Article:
Winning bodies and souls state building and the necessity of nationalism
Adams, Jonathan M.
Berger, Marcos (Mark T.).
Borer, Douglas A.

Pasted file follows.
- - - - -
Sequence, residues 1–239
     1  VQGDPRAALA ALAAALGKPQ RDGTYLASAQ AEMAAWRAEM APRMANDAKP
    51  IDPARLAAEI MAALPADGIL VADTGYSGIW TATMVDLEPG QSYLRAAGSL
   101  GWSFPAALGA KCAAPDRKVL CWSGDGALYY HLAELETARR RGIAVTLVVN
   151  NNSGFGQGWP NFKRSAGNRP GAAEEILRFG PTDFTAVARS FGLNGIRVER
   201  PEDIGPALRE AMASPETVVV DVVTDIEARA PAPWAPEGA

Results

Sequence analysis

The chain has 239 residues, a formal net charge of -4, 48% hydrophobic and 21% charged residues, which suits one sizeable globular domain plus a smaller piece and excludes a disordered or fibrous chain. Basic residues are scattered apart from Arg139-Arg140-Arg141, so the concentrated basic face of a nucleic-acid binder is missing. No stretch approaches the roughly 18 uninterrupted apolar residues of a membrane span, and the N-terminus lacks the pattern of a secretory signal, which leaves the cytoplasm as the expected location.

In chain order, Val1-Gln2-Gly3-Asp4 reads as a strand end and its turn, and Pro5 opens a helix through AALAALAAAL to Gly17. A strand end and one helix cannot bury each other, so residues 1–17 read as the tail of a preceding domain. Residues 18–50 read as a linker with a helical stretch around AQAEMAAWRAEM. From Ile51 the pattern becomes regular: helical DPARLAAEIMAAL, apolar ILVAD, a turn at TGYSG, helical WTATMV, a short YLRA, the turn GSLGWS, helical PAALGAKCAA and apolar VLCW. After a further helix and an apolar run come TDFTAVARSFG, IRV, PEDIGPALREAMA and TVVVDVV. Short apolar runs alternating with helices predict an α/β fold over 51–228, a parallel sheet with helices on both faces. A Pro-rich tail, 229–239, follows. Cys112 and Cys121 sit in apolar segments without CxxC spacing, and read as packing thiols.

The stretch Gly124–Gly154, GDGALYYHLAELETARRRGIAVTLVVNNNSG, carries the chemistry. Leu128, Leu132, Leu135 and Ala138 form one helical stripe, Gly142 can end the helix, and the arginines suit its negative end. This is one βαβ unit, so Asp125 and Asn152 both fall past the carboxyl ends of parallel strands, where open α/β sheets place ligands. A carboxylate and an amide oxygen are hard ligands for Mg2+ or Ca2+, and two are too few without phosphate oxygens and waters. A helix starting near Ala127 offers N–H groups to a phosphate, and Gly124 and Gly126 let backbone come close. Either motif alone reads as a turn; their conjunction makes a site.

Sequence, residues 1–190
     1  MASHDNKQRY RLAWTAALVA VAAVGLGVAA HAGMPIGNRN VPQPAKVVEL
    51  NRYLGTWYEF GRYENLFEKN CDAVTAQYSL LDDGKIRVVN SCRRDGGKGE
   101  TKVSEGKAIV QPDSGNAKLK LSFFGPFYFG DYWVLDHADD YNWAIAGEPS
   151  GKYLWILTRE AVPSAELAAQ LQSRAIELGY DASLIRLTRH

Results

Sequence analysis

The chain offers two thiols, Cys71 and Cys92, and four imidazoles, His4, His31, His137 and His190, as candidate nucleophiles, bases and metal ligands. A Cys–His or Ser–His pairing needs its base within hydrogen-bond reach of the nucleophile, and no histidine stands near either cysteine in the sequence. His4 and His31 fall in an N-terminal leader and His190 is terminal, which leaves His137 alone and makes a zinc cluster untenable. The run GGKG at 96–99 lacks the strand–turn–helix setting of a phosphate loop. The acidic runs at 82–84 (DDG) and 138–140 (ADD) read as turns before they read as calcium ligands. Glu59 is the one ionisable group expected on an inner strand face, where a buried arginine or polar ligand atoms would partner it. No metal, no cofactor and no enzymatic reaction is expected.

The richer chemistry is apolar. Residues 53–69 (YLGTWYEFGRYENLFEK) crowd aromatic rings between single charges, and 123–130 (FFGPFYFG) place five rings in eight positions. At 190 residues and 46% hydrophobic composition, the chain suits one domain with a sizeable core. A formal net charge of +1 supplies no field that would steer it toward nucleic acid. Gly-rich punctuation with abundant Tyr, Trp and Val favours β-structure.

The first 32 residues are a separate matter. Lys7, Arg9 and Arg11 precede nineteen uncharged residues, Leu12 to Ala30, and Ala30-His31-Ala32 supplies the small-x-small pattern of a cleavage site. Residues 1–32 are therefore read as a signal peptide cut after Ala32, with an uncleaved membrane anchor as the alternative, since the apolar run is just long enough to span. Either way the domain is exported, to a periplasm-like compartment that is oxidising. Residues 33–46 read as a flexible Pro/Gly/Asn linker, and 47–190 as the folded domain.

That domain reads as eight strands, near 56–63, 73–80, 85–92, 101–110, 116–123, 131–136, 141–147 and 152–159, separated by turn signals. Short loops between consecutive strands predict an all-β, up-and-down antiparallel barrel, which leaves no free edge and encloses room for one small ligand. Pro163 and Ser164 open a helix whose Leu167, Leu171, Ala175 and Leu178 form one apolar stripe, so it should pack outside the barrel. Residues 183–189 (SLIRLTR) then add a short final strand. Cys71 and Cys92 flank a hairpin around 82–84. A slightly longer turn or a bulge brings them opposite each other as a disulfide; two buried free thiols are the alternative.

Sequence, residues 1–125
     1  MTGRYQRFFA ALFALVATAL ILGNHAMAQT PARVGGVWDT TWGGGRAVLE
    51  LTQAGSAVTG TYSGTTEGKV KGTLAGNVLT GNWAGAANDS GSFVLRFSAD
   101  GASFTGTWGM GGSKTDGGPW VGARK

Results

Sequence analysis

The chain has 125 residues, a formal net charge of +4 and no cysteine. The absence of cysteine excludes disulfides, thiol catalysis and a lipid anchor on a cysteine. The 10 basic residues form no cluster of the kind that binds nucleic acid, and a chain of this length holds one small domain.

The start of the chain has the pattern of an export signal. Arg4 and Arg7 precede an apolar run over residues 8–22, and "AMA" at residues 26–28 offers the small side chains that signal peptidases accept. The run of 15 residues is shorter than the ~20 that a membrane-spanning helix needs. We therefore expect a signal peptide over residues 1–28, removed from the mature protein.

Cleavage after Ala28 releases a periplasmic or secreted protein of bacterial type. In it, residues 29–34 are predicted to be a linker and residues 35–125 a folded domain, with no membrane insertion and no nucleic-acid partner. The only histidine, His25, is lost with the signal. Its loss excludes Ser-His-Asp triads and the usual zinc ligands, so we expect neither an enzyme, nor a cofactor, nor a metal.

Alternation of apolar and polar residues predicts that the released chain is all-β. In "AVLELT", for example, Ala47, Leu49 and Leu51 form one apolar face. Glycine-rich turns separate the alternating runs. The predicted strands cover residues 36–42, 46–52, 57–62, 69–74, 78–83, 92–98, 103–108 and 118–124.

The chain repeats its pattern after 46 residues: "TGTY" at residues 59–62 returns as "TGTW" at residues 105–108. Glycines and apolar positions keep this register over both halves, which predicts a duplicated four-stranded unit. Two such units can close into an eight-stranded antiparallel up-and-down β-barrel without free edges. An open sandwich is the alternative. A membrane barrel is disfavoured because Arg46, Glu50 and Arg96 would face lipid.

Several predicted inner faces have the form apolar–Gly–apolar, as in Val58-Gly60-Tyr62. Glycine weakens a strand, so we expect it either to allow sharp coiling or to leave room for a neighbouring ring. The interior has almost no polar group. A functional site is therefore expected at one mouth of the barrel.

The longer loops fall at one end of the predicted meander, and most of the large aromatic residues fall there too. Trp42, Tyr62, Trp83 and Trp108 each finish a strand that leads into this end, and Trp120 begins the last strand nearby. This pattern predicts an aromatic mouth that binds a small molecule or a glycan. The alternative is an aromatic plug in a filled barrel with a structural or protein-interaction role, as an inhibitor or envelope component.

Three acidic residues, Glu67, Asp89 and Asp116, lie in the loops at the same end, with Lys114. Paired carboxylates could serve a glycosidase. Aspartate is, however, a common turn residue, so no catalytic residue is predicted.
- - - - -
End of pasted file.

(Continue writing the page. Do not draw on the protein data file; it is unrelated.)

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This thesis argues the obvious, but still widely neglected point that for successful state building to occur in the post-Cold War era, nationalism remains a necessary but not sufficient condition for the emergence of a stable modern nation-state. Nationalism is both the key to state building and the central element in any explanation of the limitations of the modern nation-state and the system of sovereign nation-states in the early 21st century. Without a genuinely unifying nationalism and a strong sense of national identity, underpinned by the provision of goods and services, a modern nation-state is nothing but an ineffective bureaucratic edifice masquerading as a modern sovereign nation-state. Despite the post- Cold War resurgence in the theory and practice of state building (or nation building), the crucial role of nationalism receives virtually no attention. The term nationalism is used here in the deepest sense possible: it is not being used to describe a superficial agreement that 'we are all Iraqis now' or 'all Afghanis now' because 'we' elected a new government, usually under the auspices of the United Nations and ostensibly responsible for the 'national' territory within which 'we' live. The central point of this thesis is that despite its apparent obviousness, nationalism remains completely marginalized in the contemporary debate about the theory of, and the practice of state building. To put it in anthropomorphic terms, contemporary exercises in state building (or nation building) are wittingly, or unwittingly, facilitating the creation of a body (the 'state') without a soul (the 'nation').
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